The use of wind energy is increasing. More and more, mountainous terrains are opened up, where a regular wind flows and turbulences occur. Optimum operation of wind turbines at such places will be started by KIT and its partners on the WindForS research test field in the Swabian Jura. The WINSENT project is funded by the Federal Ministry for Economic Affairs and Energy and the Baden-Württemberg Ministry of Environment, Climate Protection and the Energy Sector with about EUR 11.6 million.
According to the Global Wind Energy Council, wind power plants generating some 63,000 Megawatts are installed every year. Around a fifth of this energy is generated in mountainous regions. However, installations on flat terrain are easier to operate than plants erected in complex terrain, where yield forecasts are more uncertain, wear and tear are greater, and maintenance costs are higher. The WindForS research cluster now aims at answering the question of how these systems’ performance can be optimized and their service life can be extended. The member of this research cluster is Karlsruhe Institute of Technology. In a team headed by the Center for Solar Energy and Hydrogen Research Baden-Württemberg (ZSW), wind energy experts plan a field test site in the Swabian Jura, at Stöttener Berg near Geislingen an der Steige, within the framework of the WINSENT project.
“Here, conditions are very complex from the meteorological and geological points of view and are very difficult to describe,” Professor Stefan Emeis explains, who coordinates KIT’s contribution to WINSENT. At the planned location, the prevailing westerly wind is accelerated over the upstream steep terrain step, which results in irregular flows and turbulences. Moreover, the area is characterized by a high average annual wind speed. These factors are typical of wind turbine locations in complex mountainous terrain and ideal for the development and testing of new technologies. The project “Wind Science and Engineering in Complex Terrain (WINSENT)” is aimed at setting up a test site to serve as a platform for research in industry. It is to be equipped with two wind turbines of around 750 kW nominal output, 75 m hub height, and 50 m rotor diameter each. One of the unique features of the project is that scientists will have unrestricted access to all control technology and engineering data of the turbines. During their construction, wind turbines will be equipped with measurement sensors from the foundation to the rotor blades. A 100-m tower will be installed in front of and behind each system to measure meteorological parameters, such as wind speed and direction, temperature, air humidity, and air pressure with high temporal resolution. State-of-the-art laser technology will serve to measure the wind power plants’ inflow and wake.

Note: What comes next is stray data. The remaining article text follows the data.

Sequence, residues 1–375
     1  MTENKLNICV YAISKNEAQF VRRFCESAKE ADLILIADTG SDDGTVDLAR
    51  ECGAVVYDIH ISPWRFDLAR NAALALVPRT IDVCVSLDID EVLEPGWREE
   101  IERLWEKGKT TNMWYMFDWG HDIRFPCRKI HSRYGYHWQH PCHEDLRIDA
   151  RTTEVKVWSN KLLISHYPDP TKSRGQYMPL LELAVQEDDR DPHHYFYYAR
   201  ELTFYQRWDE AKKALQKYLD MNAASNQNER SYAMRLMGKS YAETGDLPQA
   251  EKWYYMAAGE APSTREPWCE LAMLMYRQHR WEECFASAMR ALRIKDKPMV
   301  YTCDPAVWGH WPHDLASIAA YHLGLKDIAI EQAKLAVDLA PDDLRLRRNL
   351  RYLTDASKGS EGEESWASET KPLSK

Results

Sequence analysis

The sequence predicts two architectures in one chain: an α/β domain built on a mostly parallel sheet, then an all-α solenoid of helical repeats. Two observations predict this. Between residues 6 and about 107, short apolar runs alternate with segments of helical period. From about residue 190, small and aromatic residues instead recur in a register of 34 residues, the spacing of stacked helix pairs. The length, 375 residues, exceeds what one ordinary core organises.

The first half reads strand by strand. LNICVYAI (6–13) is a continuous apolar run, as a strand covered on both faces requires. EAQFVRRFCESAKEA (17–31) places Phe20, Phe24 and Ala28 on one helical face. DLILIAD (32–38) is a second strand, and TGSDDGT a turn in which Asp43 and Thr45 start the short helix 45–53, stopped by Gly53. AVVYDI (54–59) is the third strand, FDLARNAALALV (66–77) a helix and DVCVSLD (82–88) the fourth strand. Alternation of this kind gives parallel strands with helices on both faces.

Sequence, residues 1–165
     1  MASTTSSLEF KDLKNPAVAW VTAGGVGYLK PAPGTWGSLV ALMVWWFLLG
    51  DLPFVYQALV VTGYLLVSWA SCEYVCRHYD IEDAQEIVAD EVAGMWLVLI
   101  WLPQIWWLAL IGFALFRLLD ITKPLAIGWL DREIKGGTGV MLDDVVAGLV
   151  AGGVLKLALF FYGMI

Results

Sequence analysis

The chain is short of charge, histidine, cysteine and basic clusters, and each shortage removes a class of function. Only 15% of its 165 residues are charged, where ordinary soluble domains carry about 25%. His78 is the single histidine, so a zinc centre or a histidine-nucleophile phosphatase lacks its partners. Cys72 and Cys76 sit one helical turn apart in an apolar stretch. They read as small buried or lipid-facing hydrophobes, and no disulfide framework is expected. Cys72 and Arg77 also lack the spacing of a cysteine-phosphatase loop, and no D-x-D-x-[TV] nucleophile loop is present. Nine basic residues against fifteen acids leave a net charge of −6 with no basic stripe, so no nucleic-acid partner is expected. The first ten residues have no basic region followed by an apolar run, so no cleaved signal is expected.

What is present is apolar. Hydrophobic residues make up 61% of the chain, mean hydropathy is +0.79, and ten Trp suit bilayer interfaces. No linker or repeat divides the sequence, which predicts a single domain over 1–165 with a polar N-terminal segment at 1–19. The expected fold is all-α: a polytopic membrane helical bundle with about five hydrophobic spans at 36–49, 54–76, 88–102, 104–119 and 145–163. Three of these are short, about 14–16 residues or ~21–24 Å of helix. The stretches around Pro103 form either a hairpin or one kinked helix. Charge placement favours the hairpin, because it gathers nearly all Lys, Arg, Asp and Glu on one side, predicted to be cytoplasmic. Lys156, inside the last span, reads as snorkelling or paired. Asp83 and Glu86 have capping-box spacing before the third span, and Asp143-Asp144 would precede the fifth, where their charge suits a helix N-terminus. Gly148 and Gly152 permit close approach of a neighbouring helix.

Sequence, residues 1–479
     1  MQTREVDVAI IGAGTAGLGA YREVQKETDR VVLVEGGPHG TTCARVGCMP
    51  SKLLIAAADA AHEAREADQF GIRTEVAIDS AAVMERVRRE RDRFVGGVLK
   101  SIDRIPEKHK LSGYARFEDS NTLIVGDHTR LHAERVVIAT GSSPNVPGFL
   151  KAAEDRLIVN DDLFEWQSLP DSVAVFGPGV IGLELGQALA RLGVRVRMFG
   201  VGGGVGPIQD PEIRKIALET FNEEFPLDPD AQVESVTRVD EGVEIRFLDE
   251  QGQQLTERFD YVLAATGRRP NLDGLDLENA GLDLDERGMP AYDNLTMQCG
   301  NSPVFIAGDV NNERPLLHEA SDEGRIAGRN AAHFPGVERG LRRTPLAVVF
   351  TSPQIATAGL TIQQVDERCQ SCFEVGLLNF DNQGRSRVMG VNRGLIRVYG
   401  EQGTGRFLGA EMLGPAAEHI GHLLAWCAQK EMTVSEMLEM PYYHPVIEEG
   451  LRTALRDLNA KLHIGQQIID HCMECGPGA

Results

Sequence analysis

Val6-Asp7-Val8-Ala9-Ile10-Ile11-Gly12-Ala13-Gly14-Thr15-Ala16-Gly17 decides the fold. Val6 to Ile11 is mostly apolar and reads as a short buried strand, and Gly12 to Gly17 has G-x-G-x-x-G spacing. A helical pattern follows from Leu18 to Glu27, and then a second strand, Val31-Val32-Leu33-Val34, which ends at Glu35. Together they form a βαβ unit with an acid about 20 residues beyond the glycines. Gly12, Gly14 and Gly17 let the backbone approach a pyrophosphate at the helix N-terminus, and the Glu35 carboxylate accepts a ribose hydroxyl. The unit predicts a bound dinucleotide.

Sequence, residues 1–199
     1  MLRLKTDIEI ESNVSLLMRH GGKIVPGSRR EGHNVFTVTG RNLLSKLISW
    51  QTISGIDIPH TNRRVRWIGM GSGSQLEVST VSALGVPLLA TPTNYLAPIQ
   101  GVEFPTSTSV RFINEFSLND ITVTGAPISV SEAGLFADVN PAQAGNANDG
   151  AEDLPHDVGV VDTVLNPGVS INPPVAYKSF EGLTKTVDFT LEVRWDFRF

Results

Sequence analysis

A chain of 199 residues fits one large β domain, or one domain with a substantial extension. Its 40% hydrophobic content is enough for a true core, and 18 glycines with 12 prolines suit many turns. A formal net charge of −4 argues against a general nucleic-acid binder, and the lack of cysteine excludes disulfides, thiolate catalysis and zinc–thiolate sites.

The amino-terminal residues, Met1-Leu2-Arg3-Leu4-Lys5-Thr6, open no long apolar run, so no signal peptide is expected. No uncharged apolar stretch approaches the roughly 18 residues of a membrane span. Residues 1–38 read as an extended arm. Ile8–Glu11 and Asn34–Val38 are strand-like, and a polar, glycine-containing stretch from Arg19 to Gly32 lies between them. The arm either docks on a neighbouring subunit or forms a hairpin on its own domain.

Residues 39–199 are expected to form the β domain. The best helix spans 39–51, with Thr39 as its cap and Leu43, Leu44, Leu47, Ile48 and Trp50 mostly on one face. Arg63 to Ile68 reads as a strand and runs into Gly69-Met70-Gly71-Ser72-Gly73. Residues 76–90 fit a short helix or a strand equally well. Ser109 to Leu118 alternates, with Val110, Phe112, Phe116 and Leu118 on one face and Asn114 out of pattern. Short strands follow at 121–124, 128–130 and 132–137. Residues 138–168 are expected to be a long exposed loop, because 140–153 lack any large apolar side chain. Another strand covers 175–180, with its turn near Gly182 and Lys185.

Research of the KIT scientists under WINSENT covers three aspects to describe the complex conditions on the test site. In cooperation with the WindForS partners, KIT’s Institute of Meteorology and Climate Research will measure and model local meteorological parameters. Instruments on the towers and laser-supported measurement instruments on the ground will determine the wind field. The data will be used to test and further develop numerical flow models that reflect wind and turbulence conditions on the test site, also between the measurement towers. KIT’s Institute of Soil Mechanics and Rock Mechanics will equip a foundation and its environment with sensors to measure forces and deformation and to refine computation models for the emission of vibrations or long-term stability on Karst underground. KIT’s Geophysical Institute plans to measure ground vibrations using seismometers installed in boreholes. In this way, vibrations will be determined as a function of wind speed and wind direction as well as of different types of soil and seasonally variable soil conditions, such as frost.
This will be the only wind energy test site with this equipment and in such complex terrain worldwide. The results of WINSENT will be scalable to large commercial plants and provide fresh momentum for industry with respect to e.g. quieter, lighter, and more powerful rotors. The project is also planned to cover accompanying ecological research. It will focus on the impact of the turbines on the animals and plants at Stöttener Berg. For interested citizens, a trail with display boards is planned on the terrain. The WINSENT grant No. 0324129A-F is funded by the Federal Ministry for Economic Affairs and Energy with about EUR 10.4 million. The project is scheduled for a duration of three and a half years. Another 1.2 million will be funded by the Baden-Württemberg Ministry of the Environment, Climate Protection and the Energy Sector. The Center for Solar Energy and Hydrogen Research Baden-Württemberg (ZSW) coordinates the ambitious project. Apart from Karlsruhe Institute of Technology, the project partners are Stuttgart University, Eberhard-Karls University of Tübingen, Technical University of Munich, and Esslingen University of Applied Sciences.
Press release of ZSW:
Video on the planned test site:
www.windfors.de/testfeld.html (in German only)
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